Destinations all around the world invest millions of dollars in attracting visitors each year. You see commercials with celebrities inviting you to California, or families enjoying the beaches of Florida while most of the country is waiting for the next winter storm. Attracting conventions and visitors to your city means more economic growth, not just in tax revenue, but in increase revenue for local businesses including hotels, restaurants, attractions, and so forth.
Over the years, as more people spend the majority of their time with digital media and travel planners have begun to conduct all of their research online, destination marketers have moved their marketing messages to optimized websites, blogs, and social networks such as Facebook and Twitter. But is simply moving your content from one media platform to another the best approach? Of course not.
When new platforms are introduced, marketers need to be quick to seize new opportunities. Consider when radio, once the major media platform, was usurped by televisions in people’s homes. Did communicators simply switch their message from one platform to the next without looking at new opportunities that they could explore in the new medium? No. Now that people are carrying around the entire interactive world wide web in their pocket, marketers need to rethink not just how they will communicate but what they can communicate and how their communication can impact the experience of their audience. Based on Google’s recent algorithm updates, we also know that the more useful and timely your content, the more your content will show up in search results.
The best way to market your destination is through word of mouth. The best word of mouth comes from people have had an amazing experience. The best way to help your visitors have an amazing experience is to empower them to feel at home in your home – to be able to experience your city like a local. Here are 4 ways to refocus your content from marketing to attract visitors to empowering your visitors.
I can guarantee that you have people in your city who are quite knowledgeable about the best places to visit and they love to share their in-depth knowledge with friends and strangers alike. In The Tipping Point, journalist Malcolm Gladwell referred to such people as “Mavens.”
What makes leveraging the content of such Mavens so powerful in your marketing mix is that your audience will recognize the passion they have when sharing information and the authenticity of their advice. Their words are based on beliefs and experiences as opposed to a marketing message that is trying to sell something.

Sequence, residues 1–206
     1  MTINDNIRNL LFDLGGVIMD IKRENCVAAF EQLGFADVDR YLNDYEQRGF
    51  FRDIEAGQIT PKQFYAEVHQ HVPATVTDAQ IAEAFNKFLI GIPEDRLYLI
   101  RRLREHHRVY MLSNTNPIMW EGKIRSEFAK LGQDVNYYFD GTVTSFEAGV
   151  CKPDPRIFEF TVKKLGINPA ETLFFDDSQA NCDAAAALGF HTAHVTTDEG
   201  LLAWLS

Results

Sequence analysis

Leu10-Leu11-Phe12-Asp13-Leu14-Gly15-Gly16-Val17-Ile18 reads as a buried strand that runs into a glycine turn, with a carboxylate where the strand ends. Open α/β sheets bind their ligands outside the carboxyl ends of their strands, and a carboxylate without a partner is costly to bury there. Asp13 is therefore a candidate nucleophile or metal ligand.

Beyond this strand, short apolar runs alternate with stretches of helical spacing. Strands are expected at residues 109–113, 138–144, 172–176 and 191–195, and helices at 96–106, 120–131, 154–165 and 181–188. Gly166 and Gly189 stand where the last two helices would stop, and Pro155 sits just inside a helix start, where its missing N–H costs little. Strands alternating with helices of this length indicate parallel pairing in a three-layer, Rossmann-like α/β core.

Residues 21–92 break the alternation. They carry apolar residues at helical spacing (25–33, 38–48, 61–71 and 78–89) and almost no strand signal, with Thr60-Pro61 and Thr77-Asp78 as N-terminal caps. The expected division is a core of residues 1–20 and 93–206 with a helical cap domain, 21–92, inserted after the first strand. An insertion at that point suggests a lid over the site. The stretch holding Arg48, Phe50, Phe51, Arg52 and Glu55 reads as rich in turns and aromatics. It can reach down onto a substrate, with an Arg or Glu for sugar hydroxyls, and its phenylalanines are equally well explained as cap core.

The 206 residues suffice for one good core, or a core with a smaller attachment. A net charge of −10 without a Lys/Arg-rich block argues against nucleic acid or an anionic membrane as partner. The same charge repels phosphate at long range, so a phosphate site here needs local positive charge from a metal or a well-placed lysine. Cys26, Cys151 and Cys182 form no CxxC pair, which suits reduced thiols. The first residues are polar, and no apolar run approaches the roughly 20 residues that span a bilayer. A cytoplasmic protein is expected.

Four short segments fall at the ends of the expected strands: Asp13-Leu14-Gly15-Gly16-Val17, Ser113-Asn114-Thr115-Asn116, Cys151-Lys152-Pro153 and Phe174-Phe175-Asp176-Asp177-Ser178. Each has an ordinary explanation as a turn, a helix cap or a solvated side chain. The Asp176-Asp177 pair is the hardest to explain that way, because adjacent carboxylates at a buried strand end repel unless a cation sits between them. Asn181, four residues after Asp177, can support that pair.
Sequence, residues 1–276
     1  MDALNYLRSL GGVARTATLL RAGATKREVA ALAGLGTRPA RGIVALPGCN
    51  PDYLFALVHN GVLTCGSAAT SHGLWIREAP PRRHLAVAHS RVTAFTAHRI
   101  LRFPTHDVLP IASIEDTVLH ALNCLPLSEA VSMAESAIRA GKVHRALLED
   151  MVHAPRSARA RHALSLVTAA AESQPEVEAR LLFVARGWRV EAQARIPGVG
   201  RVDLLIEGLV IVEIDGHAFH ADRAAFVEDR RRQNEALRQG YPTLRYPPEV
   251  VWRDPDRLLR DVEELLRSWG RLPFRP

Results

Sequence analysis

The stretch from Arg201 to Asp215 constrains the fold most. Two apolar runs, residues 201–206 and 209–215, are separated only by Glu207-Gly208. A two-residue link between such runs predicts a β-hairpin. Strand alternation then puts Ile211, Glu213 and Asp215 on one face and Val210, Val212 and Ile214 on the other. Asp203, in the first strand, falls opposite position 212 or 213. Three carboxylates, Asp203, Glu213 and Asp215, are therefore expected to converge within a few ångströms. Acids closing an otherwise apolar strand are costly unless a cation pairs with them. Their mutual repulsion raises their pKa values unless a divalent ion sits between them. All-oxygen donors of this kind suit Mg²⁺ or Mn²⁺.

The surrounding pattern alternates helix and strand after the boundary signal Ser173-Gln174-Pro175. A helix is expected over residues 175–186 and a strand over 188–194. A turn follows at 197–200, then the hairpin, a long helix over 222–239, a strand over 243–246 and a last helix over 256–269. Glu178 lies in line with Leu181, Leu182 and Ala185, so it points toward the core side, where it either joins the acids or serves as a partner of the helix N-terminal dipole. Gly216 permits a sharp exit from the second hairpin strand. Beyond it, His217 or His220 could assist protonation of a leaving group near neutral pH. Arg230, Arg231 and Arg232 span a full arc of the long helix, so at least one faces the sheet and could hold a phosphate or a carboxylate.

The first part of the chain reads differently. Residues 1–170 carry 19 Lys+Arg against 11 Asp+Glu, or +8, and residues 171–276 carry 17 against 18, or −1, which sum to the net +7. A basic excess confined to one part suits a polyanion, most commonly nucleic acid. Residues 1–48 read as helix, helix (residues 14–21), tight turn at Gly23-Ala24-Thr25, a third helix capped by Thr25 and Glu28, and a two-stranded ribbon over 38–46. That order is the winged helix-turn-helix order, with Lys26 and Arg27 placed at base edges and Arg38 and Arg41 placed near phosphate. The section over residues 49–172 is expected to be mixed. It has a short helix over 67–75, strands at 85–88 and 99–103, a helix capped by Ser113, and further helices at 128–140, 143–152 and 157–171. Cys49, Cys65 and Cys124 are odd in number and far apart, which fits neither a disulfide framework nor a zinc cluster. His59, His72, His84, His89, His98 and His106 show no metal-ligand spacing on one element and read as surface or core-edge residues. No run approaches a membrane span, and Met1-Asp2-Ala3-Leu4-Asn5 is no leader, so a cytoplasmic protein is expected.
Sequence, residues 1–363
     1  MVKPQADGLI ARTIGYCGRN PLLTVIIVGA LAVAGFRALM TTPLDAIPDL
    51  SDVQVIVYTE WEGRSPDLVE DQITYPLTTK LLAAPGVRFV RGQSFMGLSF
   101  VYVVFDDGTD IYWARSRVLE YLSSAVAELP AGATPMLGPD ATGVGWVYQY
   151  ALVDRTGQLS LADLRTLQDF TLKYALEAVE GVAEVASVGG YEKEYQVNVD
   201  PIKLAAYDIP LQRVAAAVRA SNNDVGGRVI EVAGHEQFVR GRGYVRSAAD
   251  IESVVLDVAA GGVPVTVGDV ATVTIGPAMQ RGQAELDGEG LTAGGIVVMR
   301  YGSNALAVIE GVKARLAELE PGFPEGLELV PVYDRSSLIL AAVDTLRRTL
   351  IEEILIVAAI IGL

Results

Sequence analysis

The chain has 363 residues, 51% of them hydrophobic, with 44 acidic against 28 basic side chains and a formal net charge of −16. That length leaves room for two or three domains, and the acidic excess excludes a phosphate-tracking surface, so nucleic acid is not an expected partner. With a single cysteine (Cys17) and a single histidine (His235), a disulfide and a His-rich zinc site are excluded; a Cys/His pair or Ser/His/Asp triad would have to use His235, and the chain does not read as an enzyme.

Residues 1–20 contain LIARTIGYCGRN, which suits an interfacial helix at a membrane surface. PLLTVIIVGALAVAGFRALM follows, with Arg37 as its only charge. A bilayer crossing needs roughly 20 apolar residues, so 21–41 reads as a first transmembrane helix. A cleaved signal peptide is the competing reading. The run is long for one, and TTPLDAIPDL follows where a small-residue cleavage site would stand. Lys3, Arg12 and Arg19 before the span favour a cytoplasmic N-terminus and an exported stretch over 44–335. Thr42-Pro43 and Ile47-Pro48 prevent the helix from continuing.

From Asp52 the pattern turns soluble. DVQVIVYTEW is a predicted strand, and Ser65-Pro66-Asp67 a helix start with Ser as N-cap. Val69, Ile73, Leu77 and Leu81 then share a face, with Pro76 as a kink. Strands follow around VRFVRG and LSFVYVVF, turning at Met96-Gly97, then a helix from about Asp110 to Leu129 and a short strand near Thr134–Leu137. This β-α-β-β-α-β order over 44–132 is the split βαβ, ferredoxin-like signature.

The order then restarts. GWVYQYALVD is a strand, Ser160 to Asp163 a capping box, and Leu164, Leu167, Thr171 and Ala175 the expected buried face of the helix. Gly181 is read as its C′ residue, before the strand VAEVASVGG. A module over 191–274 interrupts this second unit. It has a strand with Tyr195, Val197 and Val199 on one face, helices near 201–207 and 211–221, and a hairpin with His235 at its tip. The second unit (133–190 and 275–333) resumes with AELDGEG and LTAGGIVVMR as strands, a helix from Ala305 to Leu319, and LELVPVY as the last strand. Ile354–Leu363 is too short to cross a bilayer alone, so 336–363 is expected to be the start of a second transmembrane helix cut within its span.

Many of these Mavens have already leveraged digital media sites to share their stories and have already built a significant audience. By working with your local Mavens not only do you get to share great their stories with your audience but you also get to tap into their audience.
What is common knowledge to locals is often completely foreign to visitors? On my first visit to NYC, I did not understand that “No Standing” signs were no parking signs and I spend my first night in the city getting my car out of the impound. This is not a good experience. I am a local in Atlanta and fortunately know when to ignore my GPS when it tries to get me to turn down a one-way street, an unfortunate GPS glitch that will get locals in some serious trouble. On a recent visit to New Orleans my son spent 5X surge rate on an Uber because he did not know how to catch a taxi or navigate through the transit system.
By creating an arsenal of insider insight guides that can be linked to within relevant content on your site, share within a library, and promote on social networks, you can empower your visitors to become “mini citizens” of your city for a few days or weeks.
Visitors needs to know breaking news happening in the city that is specifically related to their experience. The local news that is covering who was murdered and what store was robbed is not where your visitors need to be tuning in. Instead, they need a news outlet that tells them the weather information and what some alternate plans that they can make if the weather has interrupted their day. They need to know what shows are playing or games that are going on where they can still get tickets. They need to know what streets or highways to avoid during certain hours and alternative ways to get around the city.
When you switch your marketing from just trying to showcase all that your city has to offer to offering insights on how to experience your city, not only does your marketing become more useful, but it will develop into a rich story about the many characters that make your city great.